It's May 1943 at a US Army Air Corps base in England. The four officers and six enlisted men of the Memphis Belle - a B-17 bomber so nicknamed for the girlfriend of its stern and stoic ... See full summary »
Taking place towards the end of WWII, 500 American Soldiers have been entrapped in a camp for 3 years. Beginning to give up hope they will ever be rescued, a group of Rangers goes on a dangerous mission to try and save them.
Chris Taylor is a young, naive American who gives up college and volunteers for combat in Vietnam. Upon arrival, he quickly discovers that his presence is quite nonessential, and is considered insignificant to the other soldiers, as he has not fought for as long as the rest of them and felt the effects of combat. Chris has two non-commissioned officers, the ill-tempered and indestructible Staff Sergeant Robert Barnes and the more pleasant and cooperative Sergeant Elias Grodin. A line is drawn between the two NCOs and a number of men in the platoon when an illegal killing occurs during a village raid. As the war continues, Chris himself draws towards psychological meltdown. And as he struggles for survival, he soon realizes he is fighting two battles, the conflict with the enemy and the conflict between the men within his platoon. Written by
In a TV interview, Charlie Sheen credited Keith David with saving his life. While shooting in an open-doored Huey gunship, the helicopter banked too hard and Sheen was thrown towards - and would have gone through - the open door. David grabbed him by the back and pulled him back in. See more »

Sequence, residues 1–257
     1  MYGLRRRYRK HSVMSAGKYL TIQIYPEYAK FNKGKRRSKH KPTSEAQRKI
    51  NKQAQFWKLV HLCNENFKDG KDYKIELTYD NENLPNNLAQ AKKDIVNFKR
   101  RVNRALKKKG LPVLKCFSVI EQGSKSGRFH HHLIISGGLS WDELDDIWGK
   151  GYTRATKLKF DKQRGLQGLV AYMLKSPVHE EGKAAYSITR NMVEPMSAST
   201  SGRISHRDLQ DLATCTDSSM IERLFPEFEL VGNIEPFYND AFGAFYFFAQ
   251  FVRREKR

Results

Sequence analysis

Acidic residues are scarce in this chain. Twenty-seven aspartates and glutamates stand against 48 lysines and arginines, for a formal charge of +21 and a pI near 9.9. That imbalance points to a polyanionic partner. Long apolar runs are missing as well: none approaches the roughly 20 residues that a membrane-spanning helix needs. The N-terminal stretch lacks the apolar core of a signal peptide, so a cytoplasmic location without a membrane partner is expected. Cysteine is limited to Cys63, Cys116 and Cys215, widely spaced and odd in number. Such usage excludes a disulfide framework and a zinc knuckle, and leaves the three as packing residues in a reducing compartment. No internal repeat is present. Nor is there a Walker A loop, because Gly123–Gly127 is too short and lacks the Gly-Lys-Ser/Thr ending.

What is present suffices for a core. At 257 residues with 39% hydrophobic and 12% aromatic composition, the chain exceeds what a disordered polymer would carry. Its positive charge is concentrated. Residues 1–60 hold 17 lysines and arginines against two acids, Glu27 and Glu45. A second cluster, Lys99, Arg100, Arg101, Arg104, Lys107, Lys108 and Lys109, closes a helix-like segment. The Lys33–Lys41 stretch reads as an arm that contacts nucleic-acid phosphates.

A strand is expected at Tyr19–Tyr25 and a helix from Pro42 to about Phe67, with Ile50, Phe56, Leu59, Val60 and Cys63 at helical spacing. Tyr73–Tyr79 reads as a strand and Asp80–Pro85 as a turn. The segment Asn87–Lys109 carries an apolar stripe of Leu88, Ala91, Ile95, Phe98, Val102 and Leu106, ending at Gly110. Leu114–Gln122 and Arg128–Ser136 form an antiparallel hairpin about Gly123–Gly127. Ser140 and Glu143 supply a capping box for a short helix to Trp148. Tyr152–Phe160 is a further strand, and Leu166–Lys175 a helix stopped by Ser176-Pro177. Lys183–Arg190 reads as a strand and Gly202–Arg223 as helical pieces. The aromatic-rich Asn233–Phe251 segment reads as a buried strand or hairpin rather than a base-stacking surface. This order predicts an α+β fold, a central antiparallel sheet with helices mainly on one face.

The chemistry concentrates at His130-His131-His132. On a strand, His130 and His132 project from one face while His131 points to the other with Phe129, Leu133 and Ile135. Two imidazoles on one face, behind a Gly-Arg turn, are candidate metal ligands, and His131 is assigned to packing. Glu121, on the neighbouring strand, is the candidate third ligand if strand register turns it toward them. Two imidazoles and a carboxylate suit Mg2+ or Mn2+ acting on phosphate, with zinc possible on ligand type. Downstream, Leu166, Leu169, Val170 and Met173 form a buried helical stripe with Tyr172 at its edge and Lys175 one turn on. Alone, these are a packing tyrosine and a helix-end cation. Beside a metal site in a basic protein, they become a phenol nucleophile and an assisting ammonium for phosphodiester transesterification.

In the last battle, as well as in the patrol in the very beginning, Captain Harris was seen wearing the nylon Y-shaped suspenders, which was not issued until the 1970s. See more »
[seeing body bags]
Oh, man. Is that what I think it is?
All right, you cheese-dicks, welcome to the Nam. Follow me!
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Every once in a while I will watch this film again and see if maybe I have grown tired of it. Surely after "Saving Private Ryan," "Titanic," "Crimes and Misdemeanors," or "Schindler's List" I have seen a better film. Well, after every viewing there is something about Oliver Stone's masterpiece that keeps me saying that I have never seen anything better.
I am a sucker for Vietnam pictures. "Apocalypse Now" and "The Deer Hunter" also rank in my top ten of all time. Stories about Vietnam can run the entire gambit of human emotions. "Platoon" is not only a documentation of America's sordid involvement in a foreign civil war, it is also a dramatic story of human response. A life developing in the most horrible of places.
There have been films put together better. There have been films with more detailed and interesting plots. But none have ever told a more touching story of human development set in the backdrop of bloody violence and inhuman suffering.
Rating: 10 out of 10.
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